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Editorial

November 5, 2018
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Rising inflation

Editorial

November 5, 2018

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Inflation hit a four-year high in October as the expected impact of the rupee devaluation and gas price hikes took its toll. On a month-on-month basis, prices increased by 2.56 percent for the month of October. The annual inflation rate has jumped to around 7 percent compared to 5.1 percent last year. The inflation figures confirm that this is going to be a difficult year for ordinary Pakistanis. Price are considered to be sticky for most items – and they have not risen enough yet compared to how much the rupee has depreciated. The rupee depreciation of around 30 percent should slowly make its way into how everyday commodities are priced. Conjoined with the 105 percent increase in gas prices, the next months are going to be more troubled. The State Bank of Pakistan has already warned that rising oil prices are also going to play a part in pushing prices up. Ogra has recommended another 10 percent increase in petroleum prices, which is going to push a further rise in inflation next month.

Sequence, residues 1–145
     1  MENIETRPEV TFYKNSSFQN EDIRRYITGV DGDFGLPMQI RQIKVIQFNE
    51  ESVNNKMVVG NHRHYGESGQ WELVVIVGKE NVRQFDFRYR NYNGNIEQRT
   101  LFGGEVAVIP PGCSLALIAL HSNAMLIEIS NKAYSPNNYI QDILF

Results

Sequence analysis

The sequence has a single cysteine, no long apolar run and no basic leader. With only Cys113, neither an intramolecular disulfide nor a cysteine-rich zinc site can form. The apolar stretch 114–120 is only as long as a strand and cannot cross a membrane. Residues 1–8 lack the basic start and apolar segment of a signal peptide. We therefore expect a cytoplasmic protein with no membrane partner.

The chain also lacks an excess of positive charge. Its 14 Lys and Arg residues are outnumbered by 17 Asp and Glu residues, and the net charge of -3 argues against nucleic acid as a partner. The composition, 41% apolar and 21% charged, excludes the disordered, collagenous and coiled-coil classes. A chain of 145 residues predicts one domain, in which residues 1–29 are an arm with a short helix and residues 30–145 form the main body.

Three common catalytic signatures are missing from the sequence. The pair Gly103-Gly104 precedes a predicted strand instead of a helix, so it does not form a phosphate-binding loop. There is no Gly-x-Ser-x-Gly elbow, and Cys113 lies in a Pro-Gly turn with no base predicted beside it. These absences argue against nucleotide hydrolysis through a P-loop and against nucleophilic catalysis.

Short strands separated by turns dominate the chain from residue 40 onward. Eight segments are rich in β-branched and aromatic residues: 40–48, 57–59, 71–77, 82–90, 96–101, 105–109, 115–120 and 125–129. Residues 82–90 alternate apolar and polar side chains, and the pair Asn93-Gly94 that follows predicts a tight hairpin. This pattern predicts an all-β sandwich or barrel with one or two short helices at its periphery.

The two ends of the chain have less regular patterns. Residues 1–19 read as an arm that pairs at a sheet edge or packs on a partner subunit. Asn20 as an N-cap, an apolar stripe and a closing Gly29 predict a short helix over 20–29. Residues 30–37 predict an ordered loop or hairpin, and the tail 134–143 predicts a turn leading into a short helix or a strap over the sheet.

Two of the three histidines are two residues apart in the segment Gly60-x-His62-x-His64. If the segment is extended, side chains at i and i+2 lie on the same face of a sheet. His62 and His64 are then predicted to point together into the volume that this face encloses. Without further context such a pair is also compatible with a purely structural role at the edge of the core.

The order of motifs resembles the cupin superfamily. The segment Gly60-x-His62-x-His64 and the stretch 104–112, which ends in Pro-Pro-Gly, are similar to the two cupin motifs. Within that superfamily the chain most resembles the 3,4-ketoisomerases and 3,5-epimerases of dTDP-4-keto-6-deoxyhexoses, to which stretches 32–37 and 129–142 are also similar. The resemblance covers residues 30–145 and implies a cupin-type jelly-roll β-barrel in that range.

There will be a further impact once Pakistan enters into an agreement with the IMF. The lender has already asked for an increase in the cost of basic public utilities. One must wonder whether there is a fear of hyperinflation amidst the economic chaos. The economic crisis the country has been facing has been somewhat tamed after an agreement with Saudi Arabia – and an expected one with China – but the fears over inflation and more misery for ordinary people are real and justified. The SBP has pointed to the increase in money supply, which has crossed the 46.5 percent of the GDP. This is an alarming high number, which led to the central bank increasing interest rates in the hope of controlling money supply. However, the SBP has insisted that this could only work amidst extreme fiscal discipline. The PTI’s austerity agenda falls in line with this. But without the correlation of economic growth, the policies are likely to be in vain. The SBP will need to ensure money supply is controlled amidst the rupee depreciation in order to keep prices in check. Without keeping money supply in check, there is a risk that the inflation could go into overdrive.

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